The physician should inspect the patient’s shoes for areas of inadequate support or improper fit. While many patients do well with commercially available athletic shoes and thick, absorbent socks, patients with foot deformities or special support needs may benefit from custom shoes. Medicare Part B now covers the purchase of custom shoes when the certifying physician identifies a risk factor for ulcer formation and submits appropriate documentation. A sample documentation form is provided with the monofilament kit used to test patients for peripheral sensory neuropathy.
Minor foot injuries and infections, such as cuts, scrapes, blisters and tinea pedis, can be unintentionally exacerbated by home remedies that impede healing. Patients should be reminded to avoid hot soaks, heating pads and harsh topical agents such as hydrogen peroxide, iodine and astringents . Gentle cleansing of minor wounds and the application of a topical antibiotic to maintain a moist wound environment can help to prevent ulcer formation. In addition, the physician should inspect any minor wound that does not heal rapidly.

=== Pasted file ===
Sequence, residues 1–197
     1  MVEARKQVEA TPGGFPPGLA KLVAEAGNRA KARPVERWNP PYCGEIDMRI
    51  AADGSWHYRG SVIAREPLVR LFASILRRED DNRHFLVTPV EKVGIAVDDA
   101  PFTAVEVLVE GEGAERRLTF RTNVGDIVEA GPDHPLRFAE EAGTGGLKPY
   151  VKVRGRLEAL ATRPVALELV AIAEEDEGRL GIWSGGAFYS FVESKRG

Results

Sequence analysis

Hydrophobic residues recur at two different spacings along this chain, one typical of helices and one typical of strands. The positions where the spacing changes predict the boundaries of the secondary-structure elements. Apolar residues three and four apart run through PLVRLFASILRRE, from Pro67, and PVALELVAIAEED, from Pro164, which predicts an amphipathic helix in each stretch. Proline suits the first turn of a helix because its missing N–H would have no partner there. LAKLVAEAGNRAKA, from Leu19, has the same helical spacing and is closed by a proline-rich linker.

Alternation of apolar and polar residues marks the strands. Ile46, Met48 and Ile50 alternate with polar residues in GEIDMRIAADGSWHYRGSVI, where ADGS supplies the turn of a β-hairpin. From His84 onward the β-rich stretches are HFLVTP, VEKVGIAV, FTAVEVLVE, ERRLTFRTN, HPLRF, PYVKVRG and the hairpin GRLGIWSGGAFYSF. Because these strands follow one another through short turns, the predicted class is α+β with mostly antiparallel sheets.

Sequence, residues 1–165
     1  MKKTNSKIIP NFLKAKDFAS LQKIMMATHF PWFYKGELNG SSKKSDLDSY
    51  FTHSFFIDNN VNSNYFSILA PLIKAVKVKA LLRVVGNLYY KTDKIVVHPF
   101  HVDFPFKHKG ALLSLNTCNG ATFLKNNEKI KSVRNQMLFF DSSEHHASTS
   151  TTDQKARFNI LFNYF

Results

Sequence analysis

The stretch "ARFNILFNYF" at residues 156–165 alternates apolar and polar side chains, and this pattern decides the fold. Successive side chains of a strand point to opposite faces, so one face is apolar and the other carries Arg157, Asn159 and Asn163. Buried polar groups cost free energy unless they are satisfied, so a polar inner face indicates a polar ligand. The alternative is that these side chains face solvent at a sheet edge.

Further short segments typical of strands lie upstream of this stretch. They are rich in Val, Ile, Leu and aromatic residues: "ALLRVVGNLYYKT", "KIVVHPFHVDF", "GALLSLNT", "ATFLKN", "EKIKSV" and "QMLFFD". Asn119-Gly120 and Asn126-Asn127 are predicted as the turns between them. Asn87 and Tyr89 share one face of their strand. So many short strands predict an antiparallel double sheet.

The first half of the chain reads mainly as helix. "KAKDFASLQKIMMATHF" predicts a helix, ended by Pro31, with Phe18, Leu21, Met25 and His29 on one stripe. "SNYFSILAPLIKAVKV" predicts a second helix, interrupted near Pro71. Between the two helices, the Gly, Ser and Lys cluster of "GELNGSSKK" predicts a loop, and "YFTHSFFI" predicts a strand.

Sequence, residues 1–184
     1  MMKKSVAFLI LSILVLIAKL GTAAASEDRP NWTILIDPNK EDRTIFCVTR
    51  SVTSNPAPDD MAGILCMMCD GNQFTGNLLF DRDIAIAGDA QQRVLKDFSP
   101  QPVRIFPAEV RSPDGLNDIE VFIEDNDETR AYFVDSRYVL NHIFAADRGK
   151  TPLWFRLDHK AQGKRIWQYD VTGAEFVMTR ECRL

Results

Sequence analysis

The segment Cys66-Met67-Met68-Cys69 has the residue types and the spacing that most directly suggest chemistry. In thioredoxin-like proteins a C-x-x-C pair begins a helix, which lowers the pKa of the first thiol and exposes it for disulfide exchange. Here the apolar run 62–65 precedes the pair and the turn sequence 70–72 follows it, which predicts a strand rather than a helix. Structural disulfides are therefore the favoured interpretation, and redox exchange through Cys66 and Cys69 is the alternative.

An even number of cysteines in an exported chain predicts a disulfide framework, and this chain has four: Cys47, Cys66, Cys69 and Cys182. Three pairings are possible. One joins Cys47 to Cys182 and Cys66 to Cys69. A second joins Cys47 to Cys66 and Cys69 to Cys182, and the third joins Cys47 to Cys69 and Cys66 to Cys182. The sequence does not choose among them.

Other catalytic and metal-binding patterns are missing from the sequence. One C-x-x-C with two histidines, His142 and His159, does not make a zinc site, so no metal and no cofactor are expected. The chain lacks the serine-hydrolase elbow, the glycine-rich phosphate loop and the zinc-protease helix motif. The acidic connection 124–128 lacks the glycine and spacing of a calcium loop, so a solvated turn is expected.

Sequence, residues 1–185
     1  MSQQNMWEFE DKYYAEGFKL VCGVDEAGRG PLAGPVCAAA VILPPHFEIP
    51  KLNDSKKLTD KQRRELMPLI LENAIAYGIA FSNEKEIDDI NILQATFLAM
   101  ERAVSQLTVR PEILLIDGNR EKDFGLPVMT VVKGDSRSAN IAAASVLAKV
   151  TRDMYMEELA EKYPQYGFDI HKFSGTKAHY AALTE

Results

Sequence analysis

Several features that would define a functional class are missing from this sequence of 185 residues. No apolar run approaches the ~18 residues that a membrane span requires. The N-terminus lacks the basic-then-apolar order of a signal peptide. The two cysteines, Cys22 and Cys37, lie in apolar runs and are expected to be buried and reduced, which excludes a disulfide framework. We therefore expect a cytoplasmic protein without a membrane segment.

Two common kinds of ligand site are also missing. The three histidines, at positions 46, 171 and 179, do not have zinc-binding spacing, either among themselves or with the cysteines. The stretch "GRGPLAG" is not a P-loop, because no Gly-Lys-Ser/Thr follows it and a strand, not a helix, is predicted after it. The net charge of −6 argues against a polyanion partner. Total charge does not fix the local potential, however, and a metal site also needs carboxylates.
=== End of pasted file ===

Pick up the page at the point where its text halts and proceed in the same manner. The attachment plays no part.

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Who Can Get A Diabetic Foot Ulcer
Anyone who has diabetes can develop a foot ulcer. Native Americans, African Americans, Hispanics and older men are more likely to develop ulcers. People who use insulin are at a higher risk of developing a foot ulcer, as are patients with diabetes-related kidney, eye, and heart disease. Being overweight and using alcohol and tobacco also play a role in the development of foot ulcers.
How Do Diabetic Foot Ulcers Form
Ulcers form due to a combination of factors, such as lack of feeling in the foot, poor circulation, foot deformities, irritation , and trauma, as well as duration of diabetes. Patients who have diabetes for many years can develop neuropathy, a reduced or complete lack of ability to feel pain in the feet due to nerve damage caused by elevated blood glucose levels over time. The nerve damage often can occur without pain and one may not even be aware of the problem. Your podiatric physician can test feet for neuropathy with a simple and painless tool called a monofilament.
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What Are Diabetic Ulcers And What Causes Them